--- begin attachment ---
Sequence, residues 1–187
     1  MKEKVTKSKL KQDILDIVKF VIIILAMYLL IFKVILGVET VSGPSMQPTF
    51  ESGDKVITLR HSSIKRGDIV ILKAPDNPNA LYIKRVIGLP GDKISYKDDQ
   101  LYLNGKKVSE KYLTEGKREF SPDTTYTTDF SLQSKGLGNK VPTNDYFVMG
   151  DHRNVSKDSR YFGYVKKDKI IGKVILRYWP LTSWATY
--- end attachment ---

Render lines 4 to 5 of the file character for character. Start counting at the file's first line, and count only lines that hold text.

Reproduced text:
   101  LYLNGKKVSE KYLTEGKREF SPDTTYTTDF SLQSKGLGNK VPTNDYFVMG
   151  DHRNVSKDSR YFGYVKKDKI IGKVILRYWP LTSWATY